The case for 'The Beard'
By HUNTER KOSSODO
College Contributor Network
NBA MVPs fit into one of three molds. Either they are the best player on the best team, the player that means more to his squad than any player in the league means to theirs, or they are just flat out the best player and there's no debating it.
With Kevin Durant out and LeBron James having taken a two week rehab session in Miami in January, the two man race between Stephen Curry and James Harden is the most classic example of best-player-best-team versus does-everything-for-his-team we've seen in years.
In one corner there's Curry, the scoring and assist leader on a team that's two games away from being the first 67-win team since the Mavericks in 2007. He's the owner of the deadliest jump shot in the league, and combined with his crazy handles and court vision he's actually impossible to defend once he gets going.
In the other corner there's Harden, who should win MVP.
Hear me out on this.
We can make arguments until the letters on our keyboards wear off about who the better player between the two is. But it's called the Most Valuable Player award. If we gave it to whoever was strictly the best basketball player on the planet was this season, it'd go to LeBron. Instead, let's give it to the guy who carried a team on his back to over 50 wins.
No disrespect to Curry, but take him off the Warriors and they would still be a great team. Golden State sans Curry would start Shaun Livingston, Klay Thompson, Harrison Barnes, Draymond Green and Andrew Bogut, and would probably still be a seven- or eight-seed in the West. Take Harden away from Houston, and the Rockets wouldn't even have 30 wins.
Judging by win shares, which estimates how many wins one player contributes, it's a very close race. Harden leads the league with 15.8, and Curry is third with 15.2. Harden's number should probably be even higher.
Remember, the Rockets have had the services of Dwight Howard for just 39 games this season and Patrick Beverley for 56. Only Oklahoma City can say they've had worse luck with injuries, and because of them Harden has to do everything for this team. He leads the league in minutes played and is also tops in total points by a healthy, nearly 300 points margin. He leads all non-point guards in total assists and is right behind Curry for the most total steals.
Harden also leads the league in usage rate of players that have taken the floor in at least 70 games this season and play at least 30 minutes a game. That seems like an obscure stat, but it shows that of the players who have been healthy and relied on to lead their teams this season, Harden is leaned on the most.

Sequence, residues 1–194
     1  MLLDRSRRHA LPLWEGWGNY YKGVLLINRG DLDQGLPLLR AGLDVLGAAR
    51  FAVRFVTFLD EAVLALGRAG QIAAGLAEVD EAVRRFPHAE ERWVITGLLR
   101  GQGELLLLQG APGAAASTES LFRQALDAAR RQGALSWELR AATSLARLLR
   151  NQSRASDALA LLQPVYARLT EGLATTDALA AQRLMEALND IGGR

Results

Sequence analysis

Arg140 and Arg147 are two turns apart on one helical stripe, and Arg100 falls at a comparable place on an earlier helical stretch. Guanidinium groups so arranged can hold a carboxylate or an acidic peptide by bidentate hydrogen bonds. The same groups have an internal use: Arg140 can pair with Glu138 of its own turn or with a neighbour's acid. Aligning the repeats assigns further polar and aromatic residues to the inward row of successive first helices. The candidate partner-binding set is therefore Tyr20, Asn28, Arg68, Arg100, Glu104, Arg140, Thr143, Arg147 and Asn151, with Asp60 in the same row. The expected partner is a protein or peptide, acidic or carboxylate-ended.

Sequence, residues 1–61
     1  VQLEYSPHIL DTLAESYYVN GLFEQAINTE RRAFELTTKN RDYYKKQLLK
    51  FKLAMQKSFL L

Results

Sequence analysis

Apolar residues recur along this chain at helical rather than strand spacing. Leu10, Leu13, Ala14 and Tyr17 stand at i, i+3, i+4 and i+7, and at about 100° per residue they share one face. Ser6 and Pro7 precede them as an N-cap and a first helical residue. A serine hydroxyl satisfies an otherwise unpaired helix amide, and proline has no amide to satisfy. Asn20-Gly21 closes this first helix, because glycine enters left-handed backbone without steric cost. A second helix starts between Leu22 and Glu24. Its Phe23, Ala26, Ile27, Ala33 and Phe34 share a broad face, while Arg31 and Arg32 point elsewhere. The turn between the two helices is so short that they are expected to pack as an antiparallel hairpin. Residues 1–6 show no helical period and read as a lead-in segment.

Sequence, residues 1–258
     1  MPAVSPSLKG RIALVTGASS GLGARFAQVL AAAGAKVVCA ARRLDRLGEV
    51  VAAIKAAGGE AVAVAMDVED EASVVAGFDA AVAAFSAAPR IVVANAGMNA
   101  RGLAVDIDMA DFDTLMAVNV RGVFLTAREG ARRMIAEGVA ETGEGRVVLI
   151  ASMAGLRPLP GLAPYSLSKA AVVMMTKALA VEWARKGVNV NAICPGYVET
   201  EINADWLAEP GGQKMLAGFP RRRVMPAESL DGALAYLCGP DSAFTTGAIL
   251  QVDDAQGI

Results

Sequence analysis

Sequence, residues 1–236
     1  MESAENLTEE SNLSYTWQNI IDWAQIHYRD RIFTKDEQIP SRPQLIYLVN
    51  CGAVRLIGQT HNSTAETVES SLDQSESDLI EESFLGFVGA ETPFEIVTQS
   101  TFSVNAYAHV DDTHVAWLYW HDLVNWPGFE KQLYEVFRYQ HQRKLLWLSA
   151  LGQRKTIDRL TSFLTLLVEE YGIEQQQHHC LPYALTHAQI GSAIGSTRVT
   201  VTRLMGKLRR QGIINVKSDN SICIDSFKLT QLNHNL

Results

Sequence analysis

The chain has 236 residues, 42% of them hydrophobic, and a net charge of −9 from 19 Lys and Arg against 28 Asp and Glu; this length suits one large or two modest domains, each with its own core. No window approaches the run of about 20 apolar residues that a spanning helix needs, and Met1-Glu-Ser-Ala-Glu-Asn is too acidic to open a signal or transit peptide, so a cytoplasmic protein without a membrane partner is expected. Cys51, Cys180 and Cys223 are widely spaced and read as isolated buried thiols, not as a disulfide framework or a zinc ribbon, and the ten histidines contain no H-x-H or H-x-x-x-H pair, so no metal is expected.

Using recent history to try to find out whether best-player-best-team or does-it-all gets more MVP love doesn't make things much clearer. Durant's win last season fits more of the second criteria more than best-player-best-team as he lead the league in win shares but his Thunder were the two-seed in the West. LeBron's four MVP seasons don't decipher much because oftentimes he was the best player on the best team, the most heavily relied on player and the clear-cut best player on the planet all in one.
The last time it was evident a best-player-best-team guy was chosen was Derrick Rose in the 2010-11 season when his Bulls finished with the best record in the league despite being fifth in win shares.
While we're using past winners as a guide, here's something interesting. The player that has played the fewest minutes in an MVP season in the 59-year history that this award has been given out is Bill Walton's 33.3 minutes per game in '77-'78. Curry is playing under 33 minutes per game this season.
That's completely a facet of the Warriors being so good that Curry sits out during the second half of games a lot. No doubt Curry is a huge reason why Golden State demolishes its opponents so consistently that the point guard gets extended breathers, but fair or unfair Harden should get the credit for needing to be on the floor as much as possible for his team (he plays 36.9 minutes per game, which is tied with Kyrie Irving for second-most in the NBA).
When Curry gets hot and scores in bunches, it's a carnival-like atmosphere and it's treated like a game to see what crazy kinds of shots he can hit as his team glides to victory. When Harden gets on a scoring run, it's out of necessity.
In games when Curry has scored at least 30 points, the Warriors are 16-1 and the average margin of victory is over 12 points. When Harden scores at least 30, the Rockets go 29-5 and the point differential for Houston in those games is barely above six points.
Like I said before, when Curry gets hot it's a nice treat for the fans. When Harden gets it going, it's because his team depends solely on him to win games. They've had to, Houston's second-best player for the bulk of this season has been either Trevor Ariza or Donatas Motiejunas.
Give The Beard his due. He's improved his perimeter defending, he could bring the Rockets to the second seed in the West, and no one in the NBA has had to work harder to get their club over 50 wins than Harden.
Hunter Kossodo is a junior at the Walter Cronkite School of Journalism and Mass Communication at Arizona State University. He is a rabid supporter of Boston sports having lived there for most of his life. Follow him on Twitter: @HKossodo